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Understanding Dates on Food Labels

Contributors: Sarah Klemm, RDN, CD, LDN

Reviewers: Academy Nutrition Information Services Team

Published: April 04, 2019

Reviewed: August 02, 2023

Man looking at food label on mushrooms in his refrigerator to see if they are expired or have a best by/use by date.
ViktorCap/iStock/Getty Images Plus

Food packaging contains a wealth of information to help you decide which foods to choose to maintain a healthy lifestyle. While we often may focus on nutrition facts and ingredients, there’s another piece of information on food products that has been gaining a lot more attention: product dates.

There are two types of dating that usually are displayed on a food product: "Open Dating" and "Closed Dating."

  • "Open Dating" is a calendar date that helps stores determine how long to display a product on its shelves. It also helps the purchaser decide when to buy or use the product by for best quality. In addition to the open date, there must be a phrase such as "sell by" or "use by" to explain the meaning of the date. These are found primarily on perishable foods such as meat and dairy products.
  • "Closed Dating" is a series of production numbers used by the manufacturer to indicate when a product was made. They primarily appear on shelf-stable products such as cans and boxes of food.

Except for infant formulas, product dates are not expiration dates and are not required. When a manufacturer chooses to include a date, they indicate when a product should be used for best quality. The terms "sell by," "best by," "best if used by/before” and “freeze-by" may give you a reference for how long a food might last but learning more about the difference between these terms can help reduce the amount of food waste in the home and improve your food safety knowledge.

  • Stores use "Sell By" dates to determine when to sell an item by. This is not a safety deadline but may indicate products that have been sitting on the shelf longer.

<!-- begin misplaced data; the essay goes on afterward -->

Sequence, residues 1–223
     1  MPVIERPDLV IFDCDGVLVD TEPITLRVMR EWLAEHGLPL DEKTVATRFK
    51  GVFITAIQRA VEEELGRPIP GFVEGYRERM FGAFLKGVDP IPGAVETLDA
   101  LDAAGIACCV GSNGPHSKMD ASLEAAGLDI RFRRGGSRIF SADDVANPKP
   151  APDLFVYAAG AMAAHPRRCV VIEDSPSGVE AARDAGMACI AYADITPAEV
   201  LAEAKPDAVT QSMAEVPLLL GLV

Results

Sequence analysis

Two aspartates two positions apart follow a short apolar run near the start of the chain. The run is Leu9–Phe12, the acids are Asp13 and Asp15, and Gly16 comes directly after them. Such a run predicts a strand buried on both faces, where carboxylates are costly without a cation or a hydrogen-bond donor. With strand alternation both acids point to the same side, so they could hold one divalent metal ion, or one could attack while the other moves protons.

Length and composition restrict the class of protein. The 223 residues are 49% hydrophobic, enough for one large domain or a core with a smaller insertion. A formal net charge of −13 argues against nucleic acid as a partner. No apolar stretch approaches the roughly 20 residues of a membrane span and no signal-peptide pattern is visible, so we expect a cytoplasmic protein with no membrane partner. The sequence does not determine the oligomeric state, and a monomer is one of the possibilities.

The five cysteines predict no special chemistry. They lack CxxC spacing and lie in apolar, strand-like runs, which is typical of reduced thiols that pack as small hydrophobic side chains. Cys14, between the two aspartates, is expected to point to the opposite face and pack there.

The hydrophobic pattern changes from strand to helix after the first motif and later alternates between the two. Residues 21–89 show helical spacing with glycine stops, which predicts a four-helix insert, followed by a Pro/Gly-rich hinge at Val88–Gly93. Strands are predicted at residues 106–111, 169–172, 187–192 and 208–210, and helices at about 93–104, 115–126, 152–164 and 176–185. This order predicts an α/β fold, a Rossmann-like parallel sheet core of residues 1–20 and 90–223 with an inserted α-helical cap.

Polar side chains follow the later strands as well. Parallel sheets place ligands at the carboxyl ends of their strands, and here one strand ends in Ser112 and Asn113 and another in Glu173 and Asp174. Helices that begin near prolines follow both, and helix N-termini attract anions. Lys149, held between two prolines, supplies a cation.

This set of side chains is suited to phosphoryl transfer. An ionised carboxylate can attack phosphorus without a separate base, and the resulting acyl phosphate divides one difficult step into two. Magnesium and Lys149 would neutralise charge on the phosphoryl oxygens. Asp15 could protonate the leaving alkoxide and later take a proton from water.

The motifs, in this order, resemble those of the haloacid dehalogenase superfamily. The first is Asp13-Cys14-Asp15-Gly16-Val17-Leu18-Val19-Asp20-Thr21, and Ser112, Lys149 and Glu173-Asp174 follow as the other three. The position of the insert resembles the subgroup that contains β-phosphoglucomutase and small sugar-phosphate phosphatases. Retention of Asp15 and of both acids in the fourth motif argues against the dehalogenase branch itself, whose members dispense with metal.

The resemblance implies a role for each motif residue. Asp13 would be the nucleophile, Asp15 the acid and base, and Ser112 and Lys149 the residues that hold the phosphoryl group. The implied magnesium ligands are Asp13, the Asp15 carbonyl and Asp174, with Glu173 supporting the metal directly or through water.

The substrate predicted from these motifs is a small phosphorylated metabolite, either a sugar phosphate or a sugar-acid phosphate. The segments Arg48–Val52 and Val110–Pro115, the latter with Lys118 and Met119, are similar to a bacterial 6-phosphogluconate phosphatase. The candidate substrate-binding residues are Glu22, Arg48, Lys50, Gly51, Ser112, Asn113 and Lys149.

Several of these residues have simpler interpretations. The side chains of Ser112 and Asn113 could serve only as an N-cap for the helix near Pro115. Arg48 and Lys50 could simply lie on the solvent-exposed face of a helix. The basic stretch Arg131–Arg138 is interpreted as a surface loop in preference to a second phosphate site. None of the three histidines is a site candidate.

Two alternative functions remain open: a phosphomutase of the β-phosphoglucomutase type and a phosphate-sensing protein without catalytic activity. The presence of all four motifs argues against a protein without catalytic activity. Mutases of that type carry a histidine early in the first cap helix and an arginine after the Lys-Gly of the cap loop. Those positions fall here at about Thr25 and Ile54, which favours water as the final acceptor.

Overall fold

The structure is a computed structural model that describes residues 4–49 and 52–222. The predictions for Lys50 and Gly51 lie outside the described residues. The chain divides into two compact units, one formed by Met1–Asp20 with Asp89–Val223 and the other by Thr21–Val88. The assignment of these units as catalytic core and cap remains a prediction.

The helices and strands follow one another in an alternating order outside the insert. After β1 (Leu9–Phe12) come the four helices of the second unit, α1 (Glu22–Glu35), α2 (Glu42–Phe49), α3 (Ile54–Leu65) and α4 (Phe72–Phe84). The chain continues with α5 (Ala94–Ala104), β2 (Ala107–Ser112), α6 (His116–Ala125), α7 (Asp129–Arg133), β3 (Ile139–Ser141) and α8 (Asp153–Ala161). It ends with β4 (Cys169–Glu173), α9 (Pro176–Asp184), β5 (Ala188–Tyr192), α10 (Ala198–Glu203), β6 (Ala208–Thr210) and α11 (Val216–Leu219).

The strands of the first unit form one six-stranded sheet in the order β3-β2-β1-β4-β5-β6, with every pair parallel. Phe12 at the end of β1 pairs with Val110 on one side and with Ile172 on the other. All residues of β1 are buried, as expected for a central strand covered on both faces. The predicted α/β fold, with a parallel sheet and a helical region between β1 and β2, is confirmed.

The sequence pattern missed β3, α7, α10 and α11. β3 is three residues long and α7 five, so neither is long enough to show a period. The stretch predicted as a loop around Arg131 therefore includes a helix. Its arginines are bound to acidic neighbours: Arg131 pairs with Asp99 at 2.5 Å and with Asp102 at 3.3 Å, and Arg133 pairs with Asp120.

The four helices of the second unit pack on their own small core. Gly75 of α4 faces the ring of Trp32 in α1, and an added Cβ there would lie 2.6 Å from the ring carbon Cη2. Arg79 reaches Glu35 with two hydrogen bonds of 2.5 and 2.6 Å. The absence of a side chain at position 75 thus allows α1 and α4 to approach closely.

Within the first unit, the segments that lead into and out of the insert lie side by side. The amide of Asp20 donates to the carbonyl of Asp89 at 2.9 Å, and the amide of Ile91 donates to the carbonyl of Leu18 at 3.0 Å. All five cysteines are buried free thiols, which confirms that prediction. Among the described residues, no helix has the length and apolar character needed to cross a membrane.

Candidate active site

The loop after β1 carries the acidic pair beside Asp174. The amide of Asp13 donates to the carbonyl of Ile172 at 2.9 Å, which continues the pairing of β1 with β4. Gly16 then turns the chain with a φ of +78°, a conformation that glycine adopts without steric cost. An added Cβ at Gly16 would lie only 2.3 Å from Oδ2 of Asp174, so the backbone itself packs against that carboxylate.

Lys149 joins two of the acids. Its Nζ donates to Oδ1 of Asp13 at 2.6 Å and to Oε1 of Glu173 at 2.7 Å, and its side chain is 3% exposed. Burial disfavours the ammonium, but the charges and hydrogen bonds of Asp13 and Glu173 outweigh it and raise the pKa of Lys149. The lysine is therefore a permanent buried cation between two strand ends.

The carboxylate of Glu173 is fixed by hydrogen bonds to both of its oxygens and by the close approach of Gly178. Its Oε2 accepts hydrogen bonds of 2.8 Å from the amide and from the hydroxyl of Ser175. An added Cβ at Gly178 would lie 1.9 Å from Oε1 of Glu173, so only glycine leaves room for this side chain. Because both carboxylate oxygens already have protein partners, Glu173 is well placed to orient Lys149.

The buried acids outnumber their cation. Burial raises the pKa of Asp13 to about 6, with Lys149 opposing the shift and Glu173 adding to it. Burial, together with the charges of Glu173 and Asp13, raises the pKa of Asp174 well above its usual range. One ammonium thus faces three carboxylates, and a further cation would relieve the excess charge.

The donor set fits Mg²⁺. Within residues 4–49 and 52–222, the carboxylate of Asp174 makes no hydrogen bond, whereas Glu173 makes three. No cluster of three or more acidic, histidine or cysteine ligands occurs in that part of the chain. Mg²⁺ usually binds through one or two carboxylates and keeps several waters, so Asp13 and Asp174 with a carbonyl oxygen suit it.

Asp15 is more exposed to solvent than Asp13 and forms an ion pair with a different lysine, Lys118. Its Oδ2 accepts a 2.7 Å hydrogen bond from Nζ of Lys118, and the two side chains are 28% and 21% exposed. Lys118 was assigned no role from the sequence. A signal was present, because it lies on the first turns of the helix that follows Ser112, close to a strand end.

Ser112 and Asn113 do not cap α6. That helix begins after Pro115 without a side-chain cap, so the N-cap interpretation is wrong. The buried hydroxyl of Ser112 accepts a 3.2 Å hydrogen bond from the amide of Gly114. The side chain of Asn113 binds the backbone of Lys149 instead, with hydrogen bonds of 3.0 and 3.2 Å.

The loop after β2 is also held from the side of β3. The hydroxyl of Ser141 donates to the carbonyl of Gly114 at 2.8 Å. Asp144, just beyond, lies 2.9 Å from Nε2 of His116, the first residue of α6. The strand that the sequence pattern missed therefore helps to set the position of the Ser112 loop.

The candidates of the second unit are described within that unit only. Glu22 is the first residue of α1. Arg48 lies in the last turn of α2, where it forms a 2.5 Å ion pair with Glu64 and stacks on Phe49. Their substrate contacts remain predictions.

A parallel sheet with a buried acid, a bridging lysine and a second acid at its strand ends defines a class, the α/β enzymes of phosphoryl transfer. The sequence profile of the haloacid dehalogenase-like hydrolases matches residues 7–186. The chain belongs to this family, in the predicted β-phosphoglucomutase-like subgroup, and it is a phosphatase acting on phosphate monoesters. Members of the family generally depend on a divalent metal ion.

• Even if a "Best If Used By" date has passed on a food you have at home, it should be safe to consume if stored and handled properly. This is the recommended date for best flavor or quality.
  • When a product reaches its "Use By" date, it means it’s no longer at peak quality according to the manufacturer.
  • "Freeze-by" dates help to determine when food should be placed in the freezer to maintain maximum quality.

To make the most of the quality and freshness of foods at home, read the Academy’s articles on safe food storage. The USDA also offers a FoodKeeper app for food and beverage storage recommendations.

Food Safety Guidelines

Some foods may be safe to consume past their product date, while others may go bad before they’ve reached it. This is because foodborne germs can contaminate foods that aren't properly stored and handled.

Some foodborne germs may leave noticeable signs of food spoilage such as mold or unusual tastes and odors. These foods should not be eaten. Other types of foodborne germs don’t always leave clear signs, which makes food safety important for reducing your risk of getting sick.

To properly store and handle foods, always wash your hands, prevent cross-contamination by separating raw meat and poultry from ready-to-eat items, cook food to proper temperatures and refrigerate perishable items promptly.

And remember, if you aren't sure how old something is or if it is safe to eat: When in doubt, throw it out!

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